Merriam-Webster’s Word of the Day for December 3, 2018 is:
circumvent • \ser-kum-VENT\ • verb
1 : to manage to get around especially by ingenuity or stratagem
2 a : to hem in
b : to make a circuit around
A couple of clever students were able to circumvent the security protocols on the school’s network and gain access to the database storing their grades.
“… [P]artygoers stood patiently on another queue for the elevator. Jim Belushi—one of the 29 actors featured in W’s ‘Best Performances’ issue—circumvented the elevator line and went for the steps.” — Jasmin Rosemberg, Variety, 5 Jan. 2018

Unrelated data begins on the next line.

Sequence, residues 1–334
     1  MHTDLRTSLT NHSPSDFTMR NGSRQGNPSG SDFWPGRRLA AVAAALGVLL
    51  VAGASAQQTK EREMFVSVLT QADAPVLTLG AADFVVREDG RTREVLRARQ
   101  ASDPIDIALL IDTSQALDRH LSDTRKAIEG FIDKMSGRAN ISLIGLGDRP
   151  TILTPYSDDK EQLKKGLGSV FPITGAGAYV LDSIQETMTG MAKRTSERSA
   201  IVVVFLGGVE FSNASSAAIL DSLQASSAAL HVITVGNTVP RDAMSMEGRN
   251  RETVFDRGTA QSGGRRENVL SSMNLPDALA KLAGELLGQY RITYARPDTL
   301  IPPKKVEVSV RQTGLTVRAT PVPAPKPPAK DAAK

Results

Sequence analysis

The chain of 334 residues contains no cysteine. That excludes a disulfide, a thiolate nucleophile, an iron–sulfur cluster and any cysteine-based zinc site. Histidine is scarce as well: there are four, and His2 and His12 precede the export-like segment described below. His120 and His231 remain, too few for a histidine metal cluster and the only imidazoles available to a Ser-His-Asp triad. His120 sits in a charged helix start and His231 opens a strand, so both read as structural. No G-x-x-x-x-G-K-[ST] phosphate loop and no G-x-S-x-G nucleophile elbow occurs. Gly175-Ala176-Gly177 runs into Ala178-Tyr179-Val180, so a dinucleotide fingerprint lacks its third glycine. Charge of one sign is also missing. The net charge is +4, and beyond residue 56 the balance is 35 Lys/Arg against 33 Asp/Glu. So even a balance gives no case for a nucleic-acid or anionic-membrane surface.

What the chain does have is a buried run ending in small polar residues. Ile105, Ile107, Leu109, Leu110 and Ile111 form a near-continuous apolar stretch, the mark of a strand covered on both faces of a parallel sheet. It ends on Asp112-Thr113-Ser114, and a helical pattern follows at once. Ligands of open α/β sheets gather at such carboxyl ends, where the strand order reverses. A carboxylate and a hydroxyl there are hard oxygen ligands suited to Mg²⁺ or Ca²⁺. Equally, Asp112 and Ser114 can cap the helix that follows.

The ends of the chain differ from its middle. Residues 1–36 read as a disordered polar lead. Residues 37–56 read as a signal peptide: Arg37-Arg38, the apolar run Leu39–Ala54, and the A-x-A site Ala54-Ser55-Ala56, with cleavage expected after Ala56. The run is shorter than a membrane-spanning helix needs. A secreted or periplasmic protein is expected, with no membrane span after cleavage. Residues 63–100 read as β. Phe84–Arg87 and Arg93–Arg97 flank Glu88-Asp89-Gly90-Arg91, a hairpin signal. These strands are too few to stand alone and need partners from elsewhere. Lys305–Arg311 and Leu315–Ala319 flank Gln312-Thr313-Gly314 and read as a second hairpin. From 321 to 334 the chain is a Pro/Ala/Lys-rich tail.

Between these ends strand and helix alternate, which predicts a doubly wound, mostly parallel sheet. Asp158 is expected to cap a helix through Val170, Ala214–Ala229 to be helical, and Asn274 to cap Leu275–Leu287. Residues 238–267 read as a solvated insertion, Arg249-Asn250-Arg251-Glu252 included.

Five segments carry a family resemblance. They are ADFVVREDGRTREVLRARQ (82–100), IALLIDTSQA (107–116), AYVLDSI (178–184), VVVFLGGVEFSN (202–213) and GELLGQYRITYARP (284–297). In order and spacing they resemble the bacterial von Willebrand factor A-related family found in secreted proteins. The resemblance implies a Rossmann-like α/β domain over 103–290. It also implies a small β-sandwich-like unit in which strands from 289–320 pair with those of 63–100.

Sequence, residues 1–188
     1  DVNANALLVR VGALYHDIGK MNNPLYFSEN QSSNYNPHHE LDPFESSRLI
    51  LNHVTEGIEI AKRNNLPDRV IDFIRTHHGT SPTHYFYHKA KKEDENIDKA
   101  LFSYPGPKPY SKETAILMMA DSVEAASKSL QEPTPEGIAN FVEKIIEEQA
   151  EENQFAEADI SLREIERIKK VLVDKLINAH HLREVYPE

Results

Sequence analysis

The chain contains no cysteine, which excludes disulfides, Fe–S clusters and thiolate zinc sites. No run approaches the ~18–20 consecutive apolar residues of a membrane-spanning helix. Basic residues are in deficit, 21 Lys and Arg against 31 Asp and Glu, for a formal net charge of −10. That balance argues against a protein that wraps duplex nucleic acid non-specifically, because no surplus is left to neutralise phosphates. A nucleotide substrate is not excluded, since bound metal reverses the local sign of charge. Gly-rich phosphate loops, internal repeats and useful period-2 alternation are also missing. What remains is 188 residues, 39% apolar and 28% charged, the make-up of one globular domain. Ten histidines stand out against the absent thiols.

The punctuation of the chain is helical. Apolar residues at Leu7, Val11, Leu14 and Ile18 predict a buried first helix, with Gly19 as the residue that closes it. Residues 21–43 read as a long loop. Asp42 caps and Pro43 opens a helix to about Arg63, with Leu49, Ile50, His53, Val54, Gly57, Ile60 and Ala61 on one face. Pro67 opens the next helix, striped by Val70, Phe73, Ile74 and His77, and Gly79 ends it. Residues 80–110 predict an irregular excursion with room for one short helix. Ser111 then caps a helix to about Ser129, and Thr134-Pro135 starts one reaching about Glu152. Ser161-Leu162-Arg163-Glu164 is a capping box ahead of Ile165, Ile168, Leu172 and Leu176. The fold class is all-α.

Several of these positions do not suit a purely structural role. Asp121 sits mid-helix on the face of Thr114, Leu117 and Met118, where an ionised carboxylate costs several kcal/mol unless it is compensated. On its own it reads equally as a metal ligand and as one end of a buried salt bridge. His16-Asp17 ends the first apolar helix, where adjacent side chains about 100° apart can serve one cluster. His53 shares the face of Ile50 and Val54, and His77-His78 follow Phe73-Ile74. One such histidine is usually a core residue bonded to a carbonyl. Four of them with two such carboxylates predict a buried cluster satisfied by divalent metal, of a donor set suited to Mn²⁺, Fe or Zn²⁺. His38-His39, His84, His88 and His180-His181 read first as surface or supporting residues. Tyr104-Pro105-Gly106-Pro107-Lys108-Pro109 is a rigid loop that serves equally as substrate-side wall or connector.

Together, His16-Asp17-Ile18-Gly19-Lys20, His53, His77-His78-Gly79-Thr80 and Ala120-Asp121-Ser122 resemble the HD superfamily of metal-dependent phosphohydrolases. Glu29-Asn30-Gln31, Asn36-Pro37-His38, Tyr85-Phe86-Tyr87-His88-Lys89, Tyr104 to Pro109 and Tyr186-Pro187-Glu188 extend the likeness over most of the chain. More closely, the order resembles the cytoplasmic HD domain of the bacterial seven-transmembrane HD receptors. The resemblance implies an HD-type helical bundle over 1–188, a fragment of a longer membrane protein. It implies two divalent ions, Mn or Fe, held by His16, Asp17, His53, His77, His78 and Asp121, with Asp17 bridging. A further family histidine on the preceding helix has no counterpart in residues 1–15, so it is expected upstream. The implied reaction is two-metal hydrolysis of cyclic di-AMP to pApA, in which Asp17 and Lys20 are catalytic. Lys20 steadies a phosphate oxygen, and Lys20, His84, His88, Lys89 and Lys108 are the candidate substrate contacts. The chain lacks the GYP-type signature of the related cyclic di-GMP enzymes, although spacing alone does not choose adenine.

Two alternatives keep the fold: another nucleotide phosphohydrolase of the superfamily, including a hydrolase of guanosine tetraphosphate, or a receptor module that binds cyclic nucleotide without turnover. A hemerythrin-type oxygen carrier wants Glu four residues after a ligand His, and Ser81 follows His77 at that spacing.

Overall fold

Did you know?
If you’ve ever felt as if someone was circling around the rules, you have an idea of the origins of circumvent—it derives from the Latin circum, meaning “circle,” and ventus, the past participle of the Latin verb venire, meaning “to come.” The earliest uses of circumvent referred to a tactic of hunting or warfare in which the quarry or enemy was encircled and captured. Today, however, circumvent more often suggests avoidance than entrapment; it typically means to “get around” someone or something, as in our example sentences.
December 03, 2018 at 01:00PM